Many pet owners know that traveling out of town often means a bite out of their wallet because Fido or Fluffy has to be boarded at a kennel, which can get pricey for extended stays.
Of the $55.7 billion Americans spent on their pets in 2013, boarding and grooming accounted for nearly $5 billion, according to the American Pet Products Association.
The main thing to know about boarding kennels is that they can vary dramatically in price and quality.
It's not always an example of "you get what you pay for."
So the wise choice for your beloved pet isn't necessarily pricey boarding, which the American Kennel Club has described as "bed-and-biscuit" resorts with grooming and aromatherapy.
"There's really no relation between price and quality when it comes to kennels," said Robert Krughoff, founder of rating service Consumers' Checkbook, which rates kennels in several markets around the country.
The cost of boarding a medium-size dog with basic care ranged from about $125 to nearly $400 per week when Consumers' Checkbook conducted its undercover price checks. And many of the lower-priced kennels provided top-quality service, according to pet-owner reviews.
With smart research, you're likely to be able to find a kennel that's both reasonably priced and high-quality. Here's advice on getting good value when you board your pet.
Herd the candidates. You can ask local friends and relatives for kennel recommendations. But realize that's a small sample size. Your vet might have a more informed recommendation. For a broader overview, consider using Consumers' Checkbook (Checkbook.org) if it's available in your area, or Angie's List, AngiesList.com. Both require subscriptions. Yelp.com has free consumer reviews, but you'll have to take comments with a grain of salt, as with many free review sites.
Be your own watchdog. Check the Better Business Bureau for complaints at BBB.org, but also consider touring the kennels in person.
Use your hound senses. Check for excessive odors. "A well-run kennel should not stink of doggy odors," the American Kennel Club says. Note the overall condition and safety of the kennel and cages, along with the friendliness of staff members and how they interact with boarded pets. The kennel should require proof of immunization, and ask about policies regarding flea and tick control. "All responsible kennel owners and operators will ask you about your dog's vaccinations and will require proof of certain shots," the AKC says.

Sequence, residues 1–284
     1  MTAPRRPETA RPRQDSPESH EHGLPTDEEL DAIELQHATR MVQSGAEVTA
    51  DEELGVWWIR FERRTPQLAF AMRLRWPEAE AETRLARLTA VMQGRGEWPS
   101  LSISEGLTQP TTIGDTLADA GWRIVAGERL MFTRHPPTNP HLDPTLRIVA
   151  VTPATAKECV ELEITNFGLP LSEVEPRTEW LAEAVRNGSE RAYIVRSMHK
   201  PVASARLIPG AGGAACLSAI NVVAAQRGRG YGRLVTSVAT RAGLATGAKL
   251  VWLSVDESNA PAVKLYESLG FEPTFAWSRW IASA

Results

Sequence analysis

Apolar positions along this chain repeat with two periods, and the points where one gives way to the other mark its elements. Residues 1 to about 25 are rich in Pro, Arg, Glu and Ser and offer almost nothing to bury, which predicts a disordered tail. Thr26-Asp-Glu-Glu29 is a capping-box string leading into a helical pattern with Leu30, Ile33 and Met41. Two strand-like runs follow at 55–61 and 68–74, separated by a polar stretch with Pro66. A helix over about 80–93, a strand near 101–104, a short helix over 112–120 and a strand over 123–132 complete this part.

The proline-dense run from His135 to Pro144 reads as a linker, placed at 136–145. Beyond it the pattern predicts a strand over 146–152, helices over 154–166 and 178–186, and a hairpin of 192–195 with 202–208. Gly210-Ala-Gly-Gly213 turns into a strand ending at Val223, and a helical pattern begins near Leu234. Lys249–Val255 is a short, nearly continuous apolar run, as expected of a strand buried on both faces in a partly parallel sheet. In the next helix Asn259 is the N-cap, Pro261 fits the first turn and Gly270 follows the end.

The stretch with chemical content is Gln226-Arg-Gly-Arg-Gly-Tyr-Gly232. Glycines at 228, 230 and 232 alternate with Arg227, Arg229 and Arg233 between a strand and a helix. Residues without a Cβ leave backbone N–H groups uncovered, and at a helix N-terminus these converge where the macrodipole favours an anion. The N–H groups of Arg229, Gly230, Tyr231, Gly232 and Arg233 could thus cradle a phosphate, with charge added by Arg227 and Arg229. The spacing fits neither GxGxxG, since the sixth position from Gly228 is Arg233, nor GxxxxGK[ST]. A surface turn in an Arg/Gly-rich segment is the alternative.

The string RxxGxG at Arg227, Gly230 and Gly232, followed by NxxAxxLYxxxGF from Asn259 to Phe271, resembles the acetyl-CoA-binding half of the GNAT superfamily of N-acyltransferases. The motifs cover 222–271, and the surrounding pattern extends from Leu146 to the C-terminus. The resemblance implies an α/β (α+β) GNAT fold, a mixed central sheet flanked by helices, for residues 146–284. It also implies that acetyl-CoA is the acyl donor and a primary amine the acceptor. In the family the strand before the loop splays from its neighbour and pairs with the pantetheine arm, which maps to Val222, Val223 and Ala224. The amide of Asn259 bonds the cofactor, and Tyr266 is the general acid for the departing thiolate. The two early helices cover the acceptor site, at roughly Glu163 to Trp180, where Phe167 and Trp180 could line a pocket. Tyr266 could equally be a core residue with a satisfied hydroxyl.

Operating hours. Kennel hours, particularly on weekends, are a common complaint. If the kennel is closed on Sundays, for example, you would have to pay for a Sunday-night stay even though you are back in town on Sunday morning. "Sometimes, you can be kind of surprised at that," Krughoff said.
Ask about extras. Find out the basics — if the kennel requires you to bring food or whether it will provide food, for example. And ask about extra services. Many kennels will charge more for administering medications to an animal — maybe $4 per day — or, in the case of dogs, providing extra exercise, which can cost an extra $8 or more per day.
Get it in writing. Get a written contract, Angie's List advises. The contract should state the price and who is responsible for vet bills if your pet is injured or becomes ill.
Try it out. It's a good idea to accustom your pet to longer kennel stays by first boarding the pet during a short trip, such as a weekend getaway, the Humane Society suggests. That allows you to work out problems before boarding your pet for an extended period.
Kennel alternatives. Pet-sitting can be a good choice, especially if you can swap pet-sitting services with a fellow pet owner for free. A staff member at your veterinarian's office might be willing to stay at your house and care for the pet, as well as pick up mail and water plants.
Before boarding your pet at a kennel, The Humane Society suggests being able to answer these questions:
■Does the facility look and smell clean?
■Is there sufficient ventilation and light?
■Is the temperature comfortable?
■Does the staff seem knowledgeable and caring?
■Are pets required to be current on vaccinations, including the vaccine for canine kennel cough (Bordetella)?
■Does each dog have his own adequately sized indoor-outdoor run or an indoor run and a schedule for exercise?
■Are outdoor runs and exercise areas protected from wind, rain and snow?
■Are resting boards and bedding provided to allow dogs to rest off the concrete floor?
■Are cats housed away from dogs?
■Is there enough space for cats to move around comfortably?
■Is there enough space between the litter box and food bowls?
■How often are pets fed?
■Can the owner bring a pet's special food?
■What veterinary services are available?
■Are other services available such as grooming, training or bathing?
■How are rates calculated?